One key theme elicited across the collection is how country – as style, commodity, rurality and/or nationality – shapes social and cultural identities. Annabel Cooper, Chris Gibson, Loria Maxwell and Kara Stooksbury, Anthony Lambert and Catherine Simpson, and Andrew Gorman-Murray, explore the links between country and national identities, and how these interconnections take both similar and different contours across the United States, Europe and the Antipodes. In their papers, Cooper and Gibson also consider the connections between national identities, country style and gendered subjectivities. Simpson and Lambert, Michael Wesch and Clemence Due, meanwhile, draw attention to the links between land, country and Indigenous subjectivities. In doing so, Due and Lambert and Simpson, as well as Lelia Green, Gerry Bloustien and Mark Balnaves, elicit how discourses of country exclude particular identities, and leave certain social groups with a sense of unease. Terry Maybury, Donna Lee Brien and Jesse Schlotterbeck focus on the broader intermingling of rurality, regionality and identity.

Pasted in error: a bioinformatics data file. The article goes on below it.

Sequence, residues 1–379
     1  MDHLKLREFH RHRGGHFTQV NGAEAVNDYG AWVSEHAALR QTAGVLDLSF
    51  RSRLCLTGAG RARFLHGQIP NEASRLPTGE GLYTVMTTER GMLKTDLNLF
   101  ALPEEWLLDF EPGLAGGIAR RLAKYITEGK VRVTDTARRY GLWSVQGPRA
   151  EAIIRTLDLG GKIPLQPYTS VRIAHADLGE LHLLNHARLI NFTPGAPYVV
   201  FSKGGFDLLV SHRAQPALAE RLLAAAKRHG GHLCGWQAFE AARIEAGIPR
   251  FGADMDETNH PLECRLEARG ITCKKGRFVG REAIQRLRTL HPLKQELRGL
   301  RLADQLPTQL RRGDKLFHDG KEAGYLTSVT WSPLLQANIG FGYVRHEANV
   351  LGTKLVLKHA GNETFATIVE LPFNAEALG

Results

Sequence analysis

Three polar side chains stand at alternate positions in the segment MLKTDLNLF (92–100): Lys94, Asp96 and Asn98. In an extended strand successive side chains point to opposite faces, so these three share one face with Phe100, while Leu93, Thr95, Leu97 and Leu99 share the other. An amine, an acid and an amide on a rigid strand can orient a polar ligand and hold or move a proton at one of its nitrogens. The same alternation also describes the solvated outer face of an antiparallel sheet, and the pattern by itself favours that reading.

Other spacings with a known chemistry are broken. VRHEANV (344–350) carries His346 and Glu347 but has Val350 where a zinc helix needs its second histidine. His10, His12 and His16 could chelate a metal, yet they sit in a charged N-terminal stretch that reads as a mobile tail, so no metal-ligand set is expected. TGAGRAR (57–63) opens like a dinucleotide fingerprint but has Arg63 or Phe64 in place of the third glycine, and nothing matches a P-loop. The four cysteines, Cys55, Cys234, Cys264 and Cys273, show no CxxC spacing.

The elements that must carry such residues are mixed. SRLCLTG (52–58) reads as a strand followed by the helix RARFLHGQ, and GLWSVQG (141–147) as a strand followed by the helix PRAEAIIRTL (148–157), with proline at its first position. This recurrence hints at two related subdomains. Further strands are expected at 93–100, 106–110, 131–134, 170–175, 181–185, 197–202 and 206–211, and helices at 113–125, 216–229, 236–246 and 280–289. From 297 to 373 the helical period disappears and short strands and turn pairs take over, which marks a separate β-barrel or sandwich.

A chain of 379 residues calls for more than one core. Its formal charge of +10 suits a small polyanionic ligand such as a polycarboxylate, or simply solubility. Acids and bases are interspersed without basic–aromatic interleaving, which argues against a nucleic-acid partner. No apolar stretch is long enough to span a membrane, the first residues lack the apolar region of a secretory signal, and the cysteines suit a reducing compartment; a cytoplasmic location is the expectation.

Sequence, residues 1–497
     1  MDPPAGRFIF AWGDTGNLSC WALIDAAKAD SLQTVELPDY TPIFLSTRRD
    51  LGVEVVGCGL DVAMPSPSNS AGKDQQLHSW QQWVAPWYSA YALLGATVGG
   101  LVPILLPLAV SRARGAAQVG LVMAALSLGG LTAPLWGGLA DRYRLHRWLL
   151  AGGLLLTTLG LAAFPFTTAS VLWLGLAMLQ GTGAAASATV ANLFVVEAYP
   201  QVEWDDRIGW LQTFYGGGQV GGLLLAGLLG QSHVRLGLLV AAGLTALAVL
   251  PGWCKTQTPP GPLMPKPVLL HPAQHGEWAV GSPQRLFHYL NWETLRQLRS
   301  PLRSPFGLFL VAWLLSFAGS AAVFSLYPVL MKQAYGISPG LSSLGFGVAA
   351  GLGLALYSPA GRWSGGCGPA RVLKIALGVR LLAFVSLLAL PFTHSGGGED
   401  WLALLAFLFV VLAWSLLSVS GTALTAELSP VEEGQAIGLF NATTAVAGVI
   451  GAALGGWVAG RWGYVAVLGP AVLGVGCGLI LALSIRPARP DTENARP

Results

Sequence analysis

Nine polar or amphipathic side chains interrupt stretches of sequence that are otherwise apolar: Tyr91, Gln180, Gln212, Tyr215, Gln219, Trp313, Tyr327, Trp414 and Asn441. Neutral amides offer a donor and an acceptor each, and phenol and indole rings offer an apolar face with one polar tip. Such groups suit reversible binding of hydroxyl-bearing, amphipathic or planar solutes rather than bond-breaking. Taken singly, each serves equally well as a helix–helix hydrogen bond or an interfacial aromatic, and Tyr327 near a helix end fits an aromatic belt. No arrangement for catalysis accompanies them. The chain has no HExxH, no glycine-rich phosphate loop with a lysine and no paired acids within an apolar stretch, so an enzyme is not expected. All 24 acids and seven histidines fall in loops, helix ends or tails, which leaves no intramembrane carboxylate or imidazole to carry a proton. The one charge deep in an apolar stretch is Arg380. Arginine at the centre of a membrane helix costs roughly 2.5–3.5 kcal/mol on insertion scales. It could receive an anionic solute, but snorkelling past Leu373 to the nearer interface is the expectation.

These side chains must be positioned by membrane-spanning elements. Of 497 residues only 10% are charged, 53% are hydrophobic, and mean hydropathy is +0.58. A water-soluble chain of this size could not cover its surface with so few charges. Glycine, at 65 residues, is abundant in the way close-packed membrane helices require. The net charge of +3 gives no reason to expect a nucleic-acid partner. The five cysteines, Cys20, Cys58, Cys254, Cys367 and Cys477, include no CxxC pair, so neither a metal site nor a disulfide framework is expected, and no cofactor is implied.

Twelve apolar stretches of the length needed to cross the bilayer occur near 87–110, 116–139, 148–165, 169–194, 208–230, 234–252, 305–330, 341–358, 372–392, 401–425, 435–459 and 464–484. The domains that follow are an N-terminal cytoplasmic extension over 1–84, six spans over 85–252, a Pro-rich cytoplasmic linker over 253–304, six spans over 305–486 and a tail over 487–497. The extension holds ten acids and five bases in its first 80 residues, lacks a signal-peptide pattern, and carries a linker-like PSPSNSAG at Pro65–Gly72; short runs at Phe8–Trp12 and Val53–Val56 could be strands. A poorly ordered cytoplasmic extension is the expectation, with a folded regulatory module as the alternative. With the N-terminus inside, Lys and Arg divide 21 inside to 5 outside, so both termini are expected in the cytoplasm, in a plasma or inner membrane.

Another key theme traced through the papers is how county is also linked with a range of media and cultural commodities. Country music is most well-known in this regard, but also prominent are country and western films and country cooking. Several authors in this collection – Gibson, Maxwell and Stooksbury, and Brien – show the ongoing importance of these products, and their role in linking different notions of country across the scales and sites of the rural, the national and the transnational. Cooper, Schlotterbeck, and Lambert and Simpson reveal how ideas of country seep into films not specifically designated as country films, such as the noir, period and thriller genres. The deployment of country in a range of other cultural and media products is explored in this collection as well, including print news media (Due; Gorman-Murray), tourist promotions (Brien; Gorman-Murray), archival photographs (Gorman-Murray), statecraft (Wesch), and social mores and practices of belonging, attachment and alienation (Green et al; Maybury).